The New Bike That’s Shaking Up the Industry

AJ Alley expected to be a “one and done” triathlete. For his first sprint triathlon, he borrowed some pieces of gear he needed, improvised others, and rode the same bike he used to commute to classes at Willamette University, where he was studying law.

“It was a way for me to take a break from studying and working, but still feel like I was being productive and not just sitting on the couch watching Netflix,” says Alley. “I’m a strong believer in physical activity alleviating mental strain, stress and tedium.”

But what started as a lark became a full-on obsession the minute he crossed the finish line. “I was completely hooked. I’ve always loved speed. In high school, I was a ski racer, and I still have that little speed demon in me. When I raced in my first tri, I got that feeling all over again.”

But there was one thing that quickly put the brakes on his racing ambitions: The price. When he sought out to upgrade his commuter bike for a more tri-friendly rig, he realized it just wouldn’t be possible on his law-student budget. “I couldn’t believe how expensive everything was,” says Alley. “I couldn’t understand why tri bikes needed to cost this much. I wanted to do something about it.”

First, Alley began cold-calling carbon fiber factories and component manufacturers. He soon discovered a wide discrepancy between the actual cost of a bike and the retail price. The more information he got, the more he realized a high-quality, fast, aero tri bike didn’t have to be an extravagance. In fact, it could be something the everyday athlete could afford.

This epiphany inspired Alley to launch A2 Bikes (pronounced “A-squared”). The flagship design of A2, the carbon-fiber Speed Phreak, retails from $1,599 for the frameset to $2,299 for a fully-loaded set with wheels. Even though the bike is priced lower than many carbon-fiber designs on the market, Alley knows that amount can still be a hindrance for many new triathletes. To keep sticker shock from dissuading new triathletes, Alley came up with the T3 program, which allows triathletes to make monthly payments (starting at $85 for a base-package Speed Phreak with Shimano 105 groupset) for a total of 18 months. “We strive to be affordable and allow access to triathletes that didn’t know they could afford a new tri bike.”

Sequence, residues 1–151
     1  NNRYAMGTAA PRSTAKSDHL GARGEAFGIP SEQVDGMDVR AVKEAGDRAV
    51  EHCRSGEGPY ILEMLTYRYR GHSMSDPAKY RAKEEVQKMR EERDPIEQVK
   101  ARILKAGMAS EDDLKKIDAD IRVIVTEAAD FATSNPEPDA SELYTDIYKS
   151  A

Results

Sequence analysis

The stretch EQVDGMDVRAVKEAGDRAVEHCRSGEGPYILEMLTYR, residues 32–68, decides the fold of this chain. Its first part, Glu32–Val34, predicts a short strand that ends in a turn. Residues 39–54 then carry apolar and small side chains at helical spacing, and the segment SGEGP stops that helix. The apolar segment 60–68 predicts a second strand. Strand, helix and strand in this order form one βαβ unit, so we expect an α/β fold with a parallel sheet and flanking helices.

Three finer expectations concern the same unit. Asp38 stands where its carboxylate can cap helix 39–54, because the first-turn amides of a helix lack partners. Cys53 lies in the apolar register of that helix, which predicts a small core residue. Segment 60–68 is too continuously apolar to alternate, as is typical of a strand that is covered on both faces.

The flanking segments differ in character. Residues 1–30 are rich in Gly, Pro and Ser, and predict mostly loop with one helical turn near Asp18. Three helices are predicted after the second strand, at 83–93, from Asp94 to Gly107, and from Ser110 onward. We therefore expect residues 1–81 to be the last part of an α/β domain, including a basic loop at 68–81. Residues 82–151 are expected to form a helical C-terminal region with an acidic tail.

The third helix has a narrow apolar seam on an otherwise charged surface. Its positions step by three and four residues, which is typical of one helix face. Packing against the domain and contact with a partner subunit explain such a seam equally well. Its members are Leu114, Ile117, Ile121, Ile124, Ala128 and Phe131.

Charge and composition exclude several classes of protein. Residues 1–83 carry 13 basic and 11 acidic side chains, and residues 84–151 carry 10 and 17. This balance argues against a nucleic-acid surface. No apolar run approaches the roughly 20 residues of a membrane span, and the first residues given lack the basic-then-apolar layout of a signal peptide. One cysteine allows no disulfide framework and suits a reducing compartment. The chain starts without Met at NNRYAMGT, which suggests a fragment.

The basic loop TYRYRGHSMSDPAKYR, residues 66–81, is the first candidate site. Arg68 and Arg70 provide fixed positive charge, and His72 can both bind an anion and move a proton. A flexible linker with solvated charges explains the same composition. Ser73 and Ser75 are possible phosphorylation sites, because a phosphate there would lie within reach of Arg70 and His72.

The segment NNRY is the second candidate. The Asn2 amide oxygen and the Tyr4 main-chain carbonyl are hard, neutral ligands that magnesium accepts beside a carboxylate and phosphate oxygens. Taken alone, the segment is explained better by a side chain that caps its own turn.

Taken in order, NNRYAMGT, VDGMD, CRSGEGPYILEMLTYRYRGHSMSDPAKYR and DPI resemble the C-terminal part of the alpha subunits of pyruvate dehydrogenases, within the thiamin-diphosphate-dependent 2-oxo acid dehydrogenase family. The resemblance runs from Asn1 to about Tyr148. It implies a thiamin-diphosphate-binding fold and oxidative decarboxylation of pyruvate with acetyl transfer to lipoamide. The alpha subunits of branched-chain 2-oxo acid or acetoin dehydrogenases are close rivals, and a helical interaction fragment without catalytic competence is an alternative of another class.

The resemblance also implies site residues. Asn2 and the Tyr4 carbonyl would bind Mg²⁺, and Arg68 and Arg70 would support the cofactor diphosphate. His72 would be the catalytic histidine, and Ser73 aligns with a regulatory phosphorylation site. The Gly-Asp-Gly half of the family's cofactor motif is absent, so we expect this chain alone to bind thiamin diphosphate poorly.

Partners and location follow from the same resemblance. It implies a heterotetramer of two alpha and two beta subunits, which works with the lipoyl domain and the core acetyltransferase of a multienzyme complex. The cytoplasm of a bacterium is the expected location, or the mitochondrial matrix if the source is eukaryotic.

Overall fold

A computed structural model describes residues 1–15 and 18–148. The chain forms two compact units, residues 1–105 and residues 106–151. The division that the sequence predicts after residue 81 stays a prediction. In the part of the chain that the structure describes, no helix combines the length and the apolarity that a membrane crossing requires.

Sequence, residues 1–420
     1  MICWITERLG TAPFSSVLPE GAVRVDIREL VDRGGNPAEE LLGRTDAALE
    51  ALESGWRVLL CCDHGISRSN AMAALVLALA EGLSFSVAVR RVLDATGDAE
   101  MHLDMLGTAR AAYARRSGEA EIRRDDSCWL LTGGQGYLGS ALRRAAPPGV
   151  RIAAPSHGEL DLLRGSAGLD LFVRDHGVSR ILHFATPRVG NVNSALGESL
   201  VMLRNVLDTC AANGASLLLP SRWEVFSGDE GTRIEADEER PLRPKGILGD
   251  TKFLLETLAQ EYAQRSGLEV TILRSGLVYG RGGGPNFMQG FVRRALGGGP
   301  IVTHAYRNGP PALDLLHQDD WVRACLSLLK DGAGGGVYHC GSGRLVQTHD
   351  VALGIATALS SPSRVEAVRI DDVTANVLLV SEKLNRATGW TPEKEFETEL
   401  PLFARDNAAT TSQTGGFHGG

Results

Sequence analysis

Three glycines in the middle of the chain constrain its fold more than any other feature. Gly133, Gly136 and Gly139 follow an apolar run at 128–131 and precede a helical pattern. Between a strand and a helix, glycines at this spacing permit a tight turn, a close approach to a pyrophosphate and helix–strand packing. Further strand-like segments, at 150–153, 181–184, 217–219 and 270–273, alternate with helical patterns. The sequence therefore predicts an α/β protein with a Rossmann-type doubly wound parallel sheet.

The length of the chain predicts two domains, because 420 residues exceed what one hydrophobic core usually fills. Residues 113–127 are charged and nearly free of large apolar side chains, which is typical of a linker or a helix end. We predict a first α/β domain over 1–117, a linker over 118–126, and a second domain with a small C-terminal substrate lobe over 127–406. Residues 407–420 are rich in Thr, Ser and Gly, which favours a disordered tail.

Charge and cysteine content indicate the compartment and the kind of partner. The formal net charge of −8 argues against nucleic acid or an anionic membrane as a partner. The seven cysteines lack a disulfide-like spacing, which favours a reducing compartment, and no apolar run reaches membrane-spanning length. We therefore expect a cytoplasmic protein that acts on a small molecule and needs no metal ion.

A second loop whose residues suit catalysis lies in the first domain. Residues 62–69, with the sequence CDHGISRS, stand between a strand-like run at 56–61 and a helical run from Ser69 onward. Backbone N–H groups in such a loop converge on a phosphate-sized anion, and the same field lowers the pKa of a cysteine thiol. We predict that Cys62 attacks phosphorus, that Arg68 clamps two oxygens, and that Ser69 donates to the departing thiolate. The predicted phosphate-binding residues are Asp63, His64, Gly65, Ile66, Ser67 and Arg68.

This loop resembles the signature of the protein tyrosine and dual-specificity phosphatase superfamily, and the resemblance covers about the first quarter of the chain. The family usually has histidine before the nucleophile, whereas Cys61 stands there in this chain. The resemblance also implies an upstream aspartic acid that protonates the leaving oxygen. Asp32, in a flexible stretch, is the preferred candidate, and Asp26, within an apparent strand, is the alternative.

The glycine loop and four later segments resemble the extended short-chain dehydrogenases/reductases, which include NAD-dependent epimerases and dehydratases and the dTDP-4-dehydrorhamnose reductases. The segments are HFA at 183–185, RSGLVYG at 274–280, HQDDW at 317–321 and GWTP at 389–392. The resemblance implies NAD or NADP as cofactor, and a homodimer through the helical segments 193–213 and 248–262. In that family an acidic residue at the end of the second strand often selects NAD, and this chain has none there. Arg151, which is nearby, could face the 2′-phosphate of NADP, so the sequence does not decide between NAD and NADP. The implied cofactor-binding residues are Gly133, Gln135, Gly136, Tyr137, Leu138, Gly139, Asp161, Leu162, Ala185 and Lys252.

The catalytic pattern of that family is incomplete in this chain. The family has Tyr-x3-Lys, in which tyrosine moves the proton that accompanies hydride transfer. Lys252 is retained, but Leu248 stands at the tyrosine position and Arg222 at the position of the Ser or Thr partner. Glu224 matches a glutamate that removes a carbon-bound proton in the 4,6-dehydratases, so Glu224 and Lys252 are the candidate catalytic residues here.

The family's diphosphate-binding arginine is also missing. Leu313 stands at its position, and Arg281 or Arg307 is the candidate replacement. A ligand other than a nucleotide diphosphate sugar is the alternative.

At the conclusion of the 18-month payment period, during which one can race and ride their A2 as much as they want, owners are given the option of trading in their A2 bike for a new, upgraded one. Alley compares this program, called T3, to the model utilized by many cell phone companies:

“How many times have you bought a new phone, only to have the company release a new version soon thereafter? It’s incredibly frustrating after you’ve saved up your hard-earned money to purchase your product, and it’s out of date before you’ve even really had a chance to use it! T3 was born out of that frustration.”

This gives A2 customers access to new developments in the frame, upgrades to the groupset by Shimano/SRAM, or new paint scheme without hassle of selling their previous bike.

“A lot of times, when we buy a new bike, we keep the old one for years and years, just letting it gather dust. The problem is people just don’t know where to take their bikes to re-sell them. With our T3 program, we take care of it.”

A2 partners with Red Truck to sell what they call “pre-loved” bikes for an even more affordable price point. This is something that once again feeds into Alley’s belief that triathlon gear should be accessible to everyone who wants to take on the sport:

“Every triathlete should be able to get a fast, and aesthetically pleasing bike for an affordable price.”